Gendered perspectives on smallholder cattle production and health management in three sites in Tanzania
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Galiè, A., Distefano, F., Kangogo, D., Mattioli, R.C., Wieland, B, and Baltenweck, I. 2017. Gendered perspectives on smallholder cattle production and health management in three sites in Tanzania. Journal of Gender, Agriculture and Food Security 2(3): 43-65
Permanent link to cite or share this item: https://hdl.handle.net/10568/90140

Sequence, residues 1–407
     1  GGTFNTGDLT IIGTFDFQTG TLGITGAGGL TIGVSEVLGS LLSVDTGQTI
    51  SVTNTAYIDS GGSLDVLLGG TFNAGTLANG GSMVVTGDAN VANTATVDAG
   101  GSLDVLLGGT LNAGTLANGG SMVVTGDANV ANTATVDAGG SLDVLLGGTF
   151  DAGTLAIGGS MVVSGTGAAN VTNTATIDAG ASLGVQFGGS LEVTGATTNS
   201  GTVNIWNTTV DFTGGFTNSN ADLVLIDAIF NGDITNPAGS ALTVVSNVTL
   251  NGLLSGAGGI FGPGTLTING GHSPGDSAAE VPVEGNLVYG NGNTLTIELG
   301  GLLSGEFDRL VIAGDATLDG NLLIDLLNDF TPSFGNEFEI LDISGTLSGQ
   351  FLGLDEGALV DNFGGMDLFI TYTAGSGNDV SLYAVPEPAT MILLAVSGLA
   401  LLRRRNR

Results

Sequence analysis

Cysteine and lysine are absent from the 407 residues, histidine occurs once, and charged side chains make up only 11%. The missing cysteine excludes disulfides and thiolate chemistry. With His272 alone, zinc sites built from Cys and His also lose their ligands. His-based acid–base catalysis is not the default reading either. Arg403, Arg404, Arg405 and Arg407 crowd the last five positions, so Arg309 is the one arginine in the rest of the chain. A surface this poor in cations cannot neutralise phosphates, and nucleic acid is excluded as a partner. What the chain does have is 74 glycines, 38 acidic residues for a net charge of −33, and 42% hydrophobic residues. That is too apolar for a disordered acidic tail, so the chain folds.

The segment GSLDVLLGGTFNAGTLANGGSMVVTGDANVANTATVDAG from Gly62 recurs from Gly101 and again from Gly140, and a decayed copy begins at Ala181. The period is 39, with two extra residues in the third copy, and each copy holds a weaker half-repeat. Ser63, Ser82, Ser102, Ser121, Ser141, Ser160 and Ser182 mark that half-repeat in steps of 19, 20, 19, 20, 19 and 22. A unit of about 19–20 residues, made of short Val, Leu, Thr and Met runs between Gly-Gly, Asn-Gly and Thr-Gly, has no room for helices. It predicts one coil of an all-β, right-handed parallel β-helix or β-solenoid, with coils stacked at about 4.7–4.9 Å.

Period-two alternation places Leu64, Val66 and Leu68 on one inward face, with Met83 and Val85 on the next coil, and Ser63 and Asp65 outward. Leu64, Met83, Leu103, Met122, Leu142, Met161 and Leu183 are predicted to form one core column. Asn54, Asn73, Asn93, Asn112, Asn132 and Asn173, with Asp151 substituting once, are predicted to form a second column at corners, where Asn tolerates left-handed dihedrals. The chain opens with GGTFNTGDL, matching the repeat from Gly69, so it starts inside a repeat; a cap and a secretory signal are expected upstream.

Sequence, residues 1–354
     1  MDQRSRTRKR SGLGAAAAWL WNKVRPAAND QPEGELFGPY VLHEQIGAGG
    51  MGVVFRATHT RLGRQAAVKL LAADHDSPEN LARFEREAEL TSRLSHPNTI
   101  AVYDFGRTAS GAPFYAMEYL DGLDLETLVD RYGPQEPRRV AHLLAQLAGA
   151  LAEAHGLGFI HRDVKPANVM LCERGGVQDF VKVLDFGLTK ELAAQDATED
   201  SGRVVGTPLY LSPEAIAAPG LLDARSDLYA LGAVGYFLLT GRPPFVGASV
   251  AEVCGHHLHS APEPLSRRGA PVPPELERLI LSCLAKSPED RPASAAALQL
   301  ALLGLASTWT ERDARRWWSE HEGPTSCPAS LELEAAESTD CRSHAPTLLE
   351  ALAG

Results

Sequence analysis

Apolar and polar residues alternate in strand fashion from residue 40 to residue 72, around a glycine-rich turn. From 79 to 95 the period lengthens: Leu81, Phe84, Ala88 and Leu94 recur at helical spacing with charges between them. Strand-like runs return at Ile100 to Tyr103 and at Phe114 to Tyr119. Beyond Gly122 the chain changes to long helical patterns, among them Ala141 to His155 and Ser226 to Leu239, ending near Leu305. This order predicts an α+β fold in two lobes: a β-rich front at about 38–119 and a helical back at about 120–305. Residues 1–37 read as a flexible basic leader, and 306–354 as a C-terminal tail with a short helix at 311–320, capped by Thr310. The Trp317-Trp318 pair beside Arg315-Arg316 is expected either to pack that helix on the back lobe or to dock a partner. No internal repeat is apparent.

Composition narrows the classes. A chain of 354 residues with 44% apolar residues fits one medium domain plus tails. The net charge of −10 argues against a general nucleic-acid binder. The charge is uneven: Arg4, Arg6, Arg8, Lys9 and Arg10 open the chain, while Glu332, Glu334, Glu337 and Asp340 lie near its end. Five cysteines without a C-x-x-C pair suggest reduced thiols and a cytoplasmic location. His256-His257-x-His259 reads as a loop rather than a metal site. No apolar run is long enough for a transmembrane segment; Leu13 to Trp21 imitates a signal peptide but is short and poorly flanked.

Dairy farming offers opportunities to address poverty and food security among small-scale livestock keepers in Tanzania, particularly rural women. Animal health problems greatly hinder dairy farming in the country, making animal health interventions critical for achieving food security. Limited gender research has been undertaken on animal health and in relation to food security in rural households. Based on six focus group discussions, twelve individual interviews and a literature review, this study provides a gender analysis of animal health in small-scale dairy farming and the food security implications in three villages of Tanzania. The findings show that both women and men respondents were involved in animal health management and had similar knowledge of diseases. They also show how animal diseases impact the food security of women in particular. Yet, women were found to face more constraints than men in accessing vet services, information on diseases, and animal medicines. The article concludes by suggesting possible ways of minimizing gender disparities in animal health management.
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